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James Coburn: 1928-2002
A Prominent Alt Med Proponent Passes On

© By Peter Chowka

James Coburn, guest star Bonanza, March 4, 1961

(December 15, 2002) James Coburn died of a heart attack on the evening of November 18 at his home in Los Angeles. A distinctive, talented, and prolific actor (The Magnificent Seven, The Great Escape, Our Man Flint, and more than 80 other films as well as numerous appearances on television) who was well known internationally, he won a Best Supporting Actor Academy Award in 1999 for his role in Affliction. Coburn was also an enthusiastic and uncompromising advocate of alternative medicine.

Interestingly, James Coburn was a contemporary of alternative medicine critic Victor Herbert, MD, (see accompanying obituary) - the physician was eighteen months older than the actor - and both men died within a few hours of each other.

Notices of Coburn's death were widely published and broadcast. A few of them mentioned in passing that he was forced to put his career on hold in the 1980s when he developed crippling rheumatoid arthritis but that he eventually returned to work, citing the fact that dietary supplements had helped him to recover his health.

After his experiences with alternative medicine, Coburn became a proponent of medical freedom of choice and nutritional supplements and often spoke about the issues. On April 1, 2000, for example, he was among Larry King's guests in an hour long show on CNN titled "How Can Arthritis Pain Be Alleviated?" Coburn told King, "MSM [Methylsulfonylmethane] is my savior. I mean, [I] have no pain. I go to sleep. I mean, the only pain I have sometimes is in my head from, you know, thinking I'm so stupid not to have gone with something like this really early, because I couldn't walk."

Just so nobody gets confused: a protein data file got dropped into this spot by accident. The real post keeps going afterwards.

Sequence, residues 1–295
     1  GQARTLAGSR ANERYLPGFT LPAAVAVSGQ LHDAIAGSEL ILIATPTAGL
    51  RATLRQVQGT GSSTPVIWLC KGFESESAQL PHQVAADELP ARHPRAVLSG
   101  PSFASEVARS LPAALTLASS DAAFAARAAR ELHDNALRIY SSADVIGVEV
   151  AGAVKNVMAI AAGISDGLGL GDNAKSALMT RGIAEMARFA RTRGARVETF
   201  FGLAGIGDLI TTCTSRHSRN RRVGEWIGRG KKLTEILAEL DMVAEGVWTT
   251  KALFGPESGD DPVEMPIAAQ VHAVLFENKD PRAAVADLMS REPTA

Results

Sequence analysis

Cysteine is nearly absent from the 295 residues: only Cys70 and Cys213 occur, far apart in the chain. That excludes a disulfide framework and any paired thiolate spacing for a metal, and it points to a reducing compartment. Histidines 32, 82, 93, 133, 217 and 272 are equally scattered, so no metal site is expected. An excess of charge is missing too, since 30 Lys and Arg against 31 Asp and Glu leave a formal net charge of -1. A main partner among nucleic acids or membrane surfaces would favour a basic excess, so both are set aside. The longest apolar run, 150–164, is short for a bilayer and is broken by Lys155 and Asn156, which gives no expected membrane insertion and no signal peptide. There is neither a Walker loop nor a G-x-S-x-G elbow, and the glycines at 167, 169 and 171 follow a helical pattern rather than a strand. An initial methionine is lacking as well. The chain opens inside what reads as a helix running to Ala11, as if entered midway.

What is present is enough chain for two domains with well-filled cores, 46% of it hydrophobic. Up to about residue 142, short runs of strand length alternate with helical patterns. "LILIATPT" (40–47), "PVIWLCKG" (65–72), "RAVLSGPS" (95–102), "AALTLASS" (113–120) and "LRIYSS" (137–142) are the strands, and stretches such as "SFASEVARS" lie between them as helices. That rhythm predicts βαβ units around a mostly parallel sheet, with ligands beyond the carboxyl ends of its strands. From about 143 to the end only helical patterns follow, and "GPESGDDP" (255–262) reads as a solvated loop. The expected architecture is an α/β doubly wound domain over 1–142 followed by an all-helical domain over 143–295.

During the program, King asked his guests if the FDA should control the nutritional supplement industry. Coburn replied, "No, definitely not. . . .They're interested in pharmaceuticals because they can sell them and make a lot of bread out of it. . .MSM helped me in three days. It took the pain away in three days. See, I can tell that because I am speaking from experience. I don't need a double-blind, 9,000 people taking the goddamn stuff. I took it, and I know exactly how it works."

Coburn added, "When I first got this thing [arthritis], I went on a long fast. I did colonics for 13, 15 days: every other day for 15 days I did it. And when I broke the thing, I broke it with what I thought was really a very healthy salad it. I broke out in hives. I became -- I found out that I was allergic through a cytotoxic blood test that I had, which is, you know, disclaimed by everybody else. But I found out that I was allergic to 45 foods out of 70 that I was tested for, stopped eating those foods, and immediately started getting better."

Coburn's final comment on the show (which was somewhat tongue in cheek since the transcript notes "laughter" among the participants after he said it): "I'll fight for my right to take MSM down to the last!"

In February 1993, James Coburn appeared with several other health-conscious celebrities and Rep. Bill Richardson (D-NM) at a benefit for the Nutritional Health Alliance at Natural Products Expo West in Anaheim, California. The event was a pep rally to help mobilize the troops to oppose proposed new FDA regulations on the supplement industry and Coburn was a very effective speaker. He discussed how his arthritis was helped (he used the word "cured") by nutritional supplements. For a man who was 64 at the time, and who had been disabled by illness a few years before, he appeared unusually strong, vigorous, and dynamic as photographs taken that day attest.

James Coburn, Anaheim, California February 1993
Photo © By Peter Chowka